He, therefore, who wishes to be saved, must believe thus about the Trinity. It is also necessary for eternal salvation that he believes steadfastly in the incarnation of our Lord Jesus Christ. Thus the right faith is that we believe and confess that our Lord Jesus Christ, the Son of God, is both God and man. As God, He was begotten of the substance of the Father before time; as man, He was born in time of the substance of His Mother. He is perfect God; and He is perfect man, with a rational soul and human flesh. He is equal to the Father in His divinity, but inferior to the Father in His humanity. Although He is God and man, He is not two, but one Christ. And He is one, not because His divinity was changed into flesh, but because His humanity was assumed unto God. He is one, not by a mingling of substances, but by unity of person. As a rational soul and flesh are one man: so God and man are one Christ. He died for our salvation, descended into Hell, and rose from the dead on the third day. He ascended into Heaven, sits at the right hand of God the Father almighty. From there He shall come to judge the living and the dead. At His coming, all men are to arise with their own bodies; and they are to give an account of their own deeds. Those who have done good deeds will go into eternal life; those who have done evil will go into the everlasting fire.

This is the Catholic faith. Everyone must believe it, firmly and steadfastly; otherwise He cannot be saved. Amen.

 

The Vision of St. Augustine, by Botticelli

 
Reading

The Story of St. Augustine and the Boy at the Beach
as recounted in the Golden Legend,
written in A.D. 1275 by Jacobus de Voragine, Archbishop of Genoa

Many other miracles hath God showed by his [St. Augustine's] life, and also after his death, which were overlong to write in this book, for they would, I suppose, contain a book as much as all this and more, but among other corrections, I will set herein one miracle, which I have seen painted on an altar of St. Austin at the black friars at Antwerp, howbeit I find it not in the legend, mine exemplar, neither in English, French, ne in Latin.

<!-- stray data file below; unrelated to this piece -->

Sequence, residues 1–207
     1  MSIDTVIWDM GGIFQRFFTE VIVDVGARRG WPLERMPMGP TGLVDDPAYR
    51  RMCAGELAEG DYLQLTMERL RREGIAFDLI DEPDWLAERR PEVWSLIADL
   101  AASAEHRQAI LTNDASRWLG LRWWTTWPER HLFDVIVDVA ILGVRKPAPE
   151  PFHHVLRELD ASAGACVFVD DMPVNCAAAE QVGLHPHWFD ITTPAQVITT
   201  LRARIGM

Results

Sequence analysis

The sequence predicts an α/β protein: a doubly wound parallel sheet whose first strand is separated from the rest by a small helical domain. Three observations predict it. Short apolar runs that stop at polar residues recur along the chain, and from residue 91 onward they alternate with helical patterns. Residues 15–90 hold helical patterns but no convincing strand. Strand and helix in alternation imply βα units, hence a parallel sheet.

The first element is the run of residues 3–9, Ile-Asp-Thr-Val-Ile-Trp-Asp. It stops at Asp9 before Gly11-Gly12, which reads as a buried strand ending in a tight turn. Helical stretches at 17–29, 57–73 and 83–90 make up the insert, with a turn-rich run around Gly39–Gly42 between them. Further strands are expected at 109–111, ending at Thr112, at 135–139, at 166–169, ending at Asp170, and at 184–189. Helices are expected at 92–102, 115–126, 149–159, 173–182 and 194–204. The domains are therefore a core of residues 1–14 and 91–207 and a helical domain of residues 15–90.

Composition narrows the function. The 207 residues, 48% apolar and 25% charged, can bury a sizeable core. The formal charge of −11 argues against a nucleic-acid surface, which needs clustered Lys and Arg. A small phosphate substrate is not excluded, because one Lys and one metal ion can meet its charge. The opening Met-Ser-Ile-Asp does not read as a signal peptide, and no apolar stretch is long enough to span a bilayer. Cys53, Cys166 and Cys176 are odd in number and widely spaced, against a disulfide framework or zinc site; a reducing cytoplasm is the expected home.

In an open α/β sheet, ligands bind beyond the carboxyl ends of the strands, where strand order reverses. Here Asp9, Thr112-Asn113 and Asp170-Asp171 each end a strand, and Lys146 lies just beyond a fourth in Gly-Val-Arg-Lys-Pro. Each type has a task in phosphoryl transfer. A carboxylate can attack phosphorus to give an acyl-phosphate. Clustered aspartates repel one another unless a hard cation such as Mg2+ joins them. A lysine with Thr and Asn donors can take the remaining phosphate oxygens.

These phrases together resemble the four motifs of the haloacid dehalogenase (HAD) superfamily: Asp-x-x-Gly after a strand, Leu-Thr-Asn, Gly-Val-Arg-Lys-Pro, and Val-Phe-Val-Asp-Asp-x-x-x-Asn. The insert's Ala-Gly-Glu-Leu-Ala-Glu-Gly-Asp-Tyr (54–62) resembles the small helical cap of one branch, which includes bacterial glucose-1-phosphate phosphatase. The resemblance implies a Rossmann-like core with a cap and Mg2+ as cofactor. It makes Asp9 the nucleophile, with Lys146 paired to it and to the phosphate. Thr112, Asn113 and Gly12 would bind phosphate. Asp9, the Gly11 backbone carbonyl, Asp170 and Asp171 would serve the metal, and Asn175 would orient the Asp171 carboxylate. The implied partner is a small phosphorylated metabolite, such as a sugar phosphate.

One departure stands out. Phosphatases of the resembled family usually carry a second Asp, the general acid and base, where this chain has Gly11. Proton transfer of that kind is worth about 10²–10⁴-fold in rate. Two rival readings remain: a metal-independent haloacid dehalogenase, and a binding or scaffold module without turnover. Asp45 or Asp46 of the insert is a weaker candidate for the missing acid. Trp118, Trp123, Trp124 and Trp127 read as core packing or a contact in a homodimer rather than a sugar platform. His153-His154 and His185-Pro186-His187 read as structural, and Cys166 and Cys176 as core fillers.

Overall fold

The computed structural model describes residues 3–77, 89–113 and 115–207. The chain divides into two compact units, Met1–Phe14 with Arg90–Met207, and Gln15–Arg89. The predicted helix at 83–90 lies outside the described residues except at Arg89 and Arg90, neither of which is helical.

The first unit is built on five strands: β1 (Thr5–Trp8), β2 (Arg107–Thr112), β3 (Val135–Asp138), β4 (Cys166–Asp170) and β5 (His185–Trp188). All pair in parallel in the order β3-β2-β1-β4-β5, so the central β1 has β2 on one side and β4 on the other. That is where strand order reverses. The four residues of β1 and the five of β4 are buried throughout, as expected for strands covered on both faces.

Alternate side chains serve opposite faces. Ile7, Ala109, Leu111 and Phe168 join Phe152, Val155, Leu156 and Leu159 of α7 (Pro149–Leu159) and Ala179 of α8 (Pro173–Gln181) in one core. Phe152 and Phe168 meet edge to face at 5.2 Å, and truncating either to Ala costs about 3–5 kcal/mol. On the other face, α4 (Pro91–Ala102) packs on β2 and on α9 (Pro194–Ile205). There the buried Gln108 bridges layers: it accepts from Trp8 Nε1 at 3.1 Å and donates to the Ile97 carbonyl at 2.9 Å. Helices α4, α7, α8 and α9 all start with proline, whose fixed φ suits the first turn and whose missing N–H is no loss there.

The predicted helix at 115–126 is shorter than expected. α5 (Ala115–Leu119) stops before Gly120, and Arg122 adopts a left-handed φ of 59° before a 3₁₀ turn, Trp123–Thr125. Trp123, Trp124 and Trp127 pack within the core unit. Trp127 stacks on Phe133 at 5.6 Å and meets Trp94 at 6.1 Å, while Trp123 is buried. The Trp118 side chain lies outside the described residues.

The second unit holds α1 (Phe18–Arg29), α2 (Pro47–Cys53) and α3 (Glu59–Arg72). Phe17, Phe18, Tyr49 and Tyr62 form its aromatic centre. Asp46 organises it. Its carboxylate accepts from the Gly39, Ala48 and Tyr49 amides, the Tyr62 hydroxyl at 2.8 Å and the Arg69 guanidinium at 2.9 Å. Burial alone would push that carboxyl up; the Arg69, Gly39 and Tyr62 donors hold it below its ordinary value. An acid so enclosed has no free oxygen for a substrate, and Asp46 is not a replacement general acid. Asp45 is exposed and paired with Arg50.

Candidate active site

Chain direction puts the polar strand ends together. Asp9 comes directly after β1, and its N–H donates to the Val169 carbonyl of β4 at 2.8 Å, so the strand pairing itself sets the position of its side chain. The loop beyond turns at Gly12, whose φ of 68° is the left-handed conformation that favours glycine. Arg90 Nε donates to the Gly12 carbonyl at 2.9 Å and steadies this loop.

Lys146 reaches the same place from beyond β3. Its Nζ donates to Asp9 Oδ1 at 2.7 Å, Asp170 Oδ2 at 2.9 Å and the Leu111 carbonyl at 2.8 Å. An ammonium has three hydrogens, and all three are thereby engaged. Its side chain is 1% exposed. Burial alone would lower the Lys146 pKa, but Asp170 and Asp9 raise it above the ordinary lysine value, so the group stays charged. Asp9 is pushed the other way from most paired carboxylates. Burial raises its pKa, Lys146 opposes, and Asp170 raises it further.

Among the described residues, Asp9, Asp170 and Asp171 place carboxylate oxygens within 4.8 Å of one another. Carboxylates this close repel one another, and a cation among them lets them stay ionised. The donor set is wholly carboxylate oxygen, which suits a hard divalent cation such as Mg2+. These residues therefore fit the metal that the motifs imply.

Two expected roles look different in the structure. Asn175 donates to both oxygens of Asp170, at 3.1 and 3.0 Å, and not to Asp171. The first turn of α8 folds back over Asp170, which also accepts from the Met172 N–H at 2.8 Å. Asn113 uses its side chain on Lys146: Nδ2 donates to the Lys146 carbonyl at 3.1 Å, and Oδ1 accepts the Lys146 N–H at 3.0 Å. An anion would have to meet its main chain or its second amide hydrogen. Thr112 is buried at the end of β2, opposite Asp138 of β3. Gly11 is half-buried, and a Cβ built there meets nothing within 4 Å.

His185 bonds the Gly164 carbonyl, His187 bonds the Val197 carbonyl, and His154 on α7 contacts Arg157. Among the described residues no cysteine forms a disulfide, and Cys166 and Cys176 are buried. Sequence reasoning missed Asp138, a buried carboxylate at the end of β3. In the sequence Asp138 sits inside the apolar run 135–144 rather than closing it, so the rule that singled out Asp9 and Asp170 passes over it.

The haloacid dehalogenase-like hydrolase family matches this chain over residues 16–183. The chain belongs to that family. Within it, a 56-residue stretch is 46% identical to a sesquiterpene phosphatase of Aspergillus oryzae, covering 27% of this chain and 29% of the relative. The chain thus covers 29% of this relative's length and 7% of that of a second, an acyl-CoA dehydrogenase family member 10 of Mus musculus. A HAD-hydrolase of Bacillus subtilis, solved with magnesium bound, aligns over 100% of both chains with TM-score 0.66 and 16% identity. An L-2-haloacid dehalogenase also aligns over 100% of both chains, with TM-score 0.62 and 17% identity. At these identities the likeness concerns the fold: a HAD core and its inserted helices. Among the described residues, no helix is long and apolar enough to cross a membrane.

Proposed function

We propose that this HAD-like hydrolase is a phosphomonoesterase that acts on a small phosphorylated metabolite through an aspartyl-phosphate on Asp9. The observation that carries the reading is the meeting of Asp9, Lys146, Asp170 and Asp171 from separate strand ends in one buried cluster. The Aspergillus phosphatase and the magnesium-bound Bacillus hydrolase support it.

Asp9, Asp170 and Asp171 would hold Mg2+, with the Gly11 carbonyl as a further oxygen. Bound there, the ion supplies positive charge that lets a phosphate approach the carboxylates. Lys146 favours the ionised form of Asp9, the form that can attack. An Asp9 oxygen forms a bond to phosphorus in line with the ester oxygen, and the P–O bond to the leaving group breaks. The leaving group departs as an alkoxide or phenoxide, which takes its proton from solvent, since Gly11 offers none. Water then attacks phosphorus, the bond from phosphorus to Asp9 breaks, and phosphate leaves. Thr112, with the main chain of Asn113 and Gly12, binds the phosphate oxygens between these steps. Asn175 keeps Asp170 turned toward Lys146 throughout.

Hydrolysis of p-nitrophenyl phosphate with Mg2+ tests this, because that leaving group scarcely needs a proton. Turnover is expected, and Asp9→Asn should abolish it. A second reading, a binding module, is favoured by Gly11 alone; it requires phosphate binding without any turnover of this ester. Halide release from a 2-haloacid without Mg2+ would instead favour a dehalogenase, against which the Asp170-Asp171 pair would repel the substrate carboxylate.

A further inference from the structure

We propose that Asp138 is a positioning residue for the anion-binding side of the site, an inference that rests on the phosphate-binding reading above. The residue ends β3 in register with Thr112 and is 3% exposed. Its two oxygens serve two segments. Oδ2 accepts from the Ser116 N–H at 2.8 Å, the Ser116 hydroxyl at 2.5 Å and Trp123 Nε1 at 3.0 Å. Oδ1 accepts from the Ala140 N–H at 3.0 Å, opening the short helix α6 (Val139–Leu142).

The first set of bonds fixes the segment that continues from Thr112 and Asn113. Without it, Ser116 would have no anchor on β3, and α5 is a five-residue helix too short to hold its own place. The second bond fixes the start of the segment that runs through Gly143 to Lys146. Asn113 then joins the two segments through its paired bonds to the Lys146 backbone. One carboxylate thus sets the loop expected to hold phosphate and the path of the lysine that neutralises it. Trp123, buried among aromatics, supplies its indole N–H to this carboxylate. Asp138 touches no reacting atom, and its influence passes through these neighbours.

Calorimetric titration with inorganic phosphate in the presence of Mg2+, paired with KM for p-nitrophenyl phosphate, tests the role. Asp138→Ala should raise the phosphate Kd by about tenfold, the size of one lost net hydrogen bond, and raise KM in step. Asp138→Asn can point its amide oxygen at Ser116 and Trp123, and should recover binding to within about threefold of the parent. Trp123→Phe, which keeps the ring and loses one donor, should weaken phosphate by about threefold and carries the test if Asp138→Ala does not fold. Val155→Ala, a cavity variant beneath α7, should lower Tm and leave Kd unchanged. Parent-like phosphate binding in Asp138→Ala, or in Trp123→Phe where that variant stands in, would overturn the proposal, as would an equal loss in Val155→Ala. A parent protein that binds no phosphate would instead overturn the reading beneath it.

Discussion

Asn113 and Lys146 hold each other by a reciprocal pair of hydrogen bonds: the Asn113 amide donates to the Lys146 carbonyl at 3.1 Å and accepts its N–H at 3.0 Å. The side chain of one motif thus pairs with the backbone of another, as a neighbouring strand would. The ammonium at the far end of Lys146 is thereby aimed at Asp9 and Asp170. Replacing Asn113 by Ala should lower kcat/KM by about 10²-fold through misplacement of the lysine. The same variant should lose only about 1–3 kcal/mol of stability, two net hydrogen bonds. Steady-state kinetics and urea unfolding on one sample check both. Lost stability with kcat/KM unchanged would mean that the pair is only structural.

It was so that this glorious doctor made and compiled many volumes, as afore is said, among whom he made a book of the Trinity, in which he studied and mused sore in his mind, so far forth that on a time as he went by the sea-side in Africa, studying on the Trinity, he found by the sea-side a little child which had made a little pit in the sand, and in his hand a little spoon. And with the spoon he took out water of the large sea and poured it into the pit.

And when St. Augustin beheld him he marvelled, and demanded him what he did. And he answered and said: "I will lade out and bring all this water of the sea into this pit."

"What?" said he, "it is impossible, how may it be done, sith the sea is so great and large, and thy pit and spoon so little?"

"Yes, forsooth," said he, "I shall lightlier and sooner draw all the water of the sea and bring it into this pit than thou shalt bring the mystery of the Trinity and His Divinity into thy little understanding as to the regard thereof; for the Mystery of the Trinity is greater and larger to the comparison of thy wit and brain than is this great sea unto this little pit."

And therewith the child vanished away. Then here may every man take ensample that no man, and especially simple lettered men, ne unlearned, presume to intermit ne to muse on high things of the Godhead, farther than we be informed by our faith, for our only faith shall suffice us.